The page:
California’s full reopening on June 15 risks spike in COVID-19 cases

May 13, 2021 — by Serena Li
covid
Photo courtesy of MIT News

On May 13, the Centers for Disease Control and Prevention (CDC) announced that for adults who have received two doses of Pfizer and Moderna or one dose of the Johnson & Johnson vaccine for at least two weeks, they are no longer required to to follow COVID-19 guidelines on wearing masks and physically distancing.

California also plans to fully reopen on June 15 after more than a year of full and partial shutdowns due to the pandemic. Businesses, restaurants, theme parks and other public spaces will operate at maximum capacity.

While cases have seen a steady decrease in California and vaccination rates are high in some communities, reopening California so soon is a misguided judgment because of the rise of virus variants. 

According to the CDC, there are currently five variants of the coronavirus circulating in the U.S., two of which were first identified in California. Because the vaccines are relatively new and were developed quickly, there is little data on the effectiveness of the vaccines on new variants. 

The two most common types of coronavirus right now are a variant from the United Kingdom, known as the B.1.1.7 variant, and a variant from Brazil, known as the P.1 variant. While certain types of vaccines, such as Pfizer, have shown partial immunity against the variants, Moderna and Johnson & Johnson vaccines have been shown to be less effective against the B.1.1.7 variant.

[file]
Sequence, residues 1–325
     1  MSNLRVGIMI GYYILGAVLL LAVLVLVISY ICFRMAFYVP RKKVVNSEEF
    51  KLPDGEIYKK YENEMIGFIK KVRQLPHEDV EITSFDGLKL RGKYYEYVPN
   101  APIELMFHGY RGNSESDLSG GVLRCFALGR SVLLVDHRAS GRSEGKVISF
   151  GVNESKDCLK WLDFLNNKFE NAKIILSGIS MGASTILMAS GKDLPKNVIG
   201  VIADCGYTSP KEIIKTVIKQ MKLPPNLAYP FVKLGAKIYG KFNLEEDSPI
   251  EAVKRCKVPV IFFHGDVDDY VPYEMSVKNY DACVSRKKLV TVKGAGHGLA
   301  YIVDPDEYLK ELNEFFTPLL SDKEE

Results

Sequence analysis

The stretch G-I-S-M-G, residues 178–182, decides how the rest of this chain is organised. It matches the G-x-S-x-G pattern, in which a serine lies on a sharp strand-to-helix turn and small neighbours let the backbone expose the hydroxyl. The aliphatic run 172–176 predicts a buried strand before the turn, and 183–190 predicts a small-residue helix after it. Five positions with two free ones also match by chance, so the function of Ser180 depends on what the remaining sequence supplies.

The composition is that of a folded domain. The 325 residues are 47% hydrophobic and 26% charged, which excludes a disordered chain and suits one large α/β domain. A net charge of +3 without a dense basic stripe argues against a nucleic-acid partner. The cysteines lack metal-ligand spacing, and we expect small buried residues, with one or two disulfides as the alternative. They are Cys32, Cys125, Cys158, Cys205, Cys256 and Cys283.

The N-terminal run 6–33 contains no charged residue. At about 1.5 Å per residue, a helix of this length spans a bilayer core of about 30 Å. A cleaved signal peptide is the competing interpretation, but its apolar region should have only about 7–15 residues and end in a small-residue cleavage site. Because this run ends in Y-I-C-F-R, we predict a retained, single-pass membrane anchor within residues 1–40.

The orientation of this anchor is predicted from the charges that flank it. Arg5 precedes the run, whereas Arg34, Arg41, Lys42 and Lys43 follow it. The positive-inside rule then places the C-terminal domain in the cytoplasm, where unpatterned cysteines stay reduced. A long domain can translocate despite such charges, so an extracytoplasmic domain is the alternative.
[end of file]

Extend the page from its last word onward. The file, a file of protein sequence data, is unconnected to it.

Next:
Since Moderna is one of the most popular choices for vaccination, its lack of protection against this variant highlights one risk of reopening. Even with a higher percentage of vaccinations, herd immunity cannot be achieved because the risk of contracting new variants remains high. Moreover, without proper travel restrictions in place, reopening raises the unnecessary risk of spreading the variants from other countries, such as the variant that originated in India and has sent that country into a COVID-19 crisis, with death rates spiking and cases spreading rapidly. 

While it is understandable why Gov. Gavin Newsom wants to speed up the reopening process for economic reasons, people’s health and safety should be put first. New variants and past failures prove that reopening with most restrictions lifted is dangerous, and California should instead continue down the path of a slower reopening.

 

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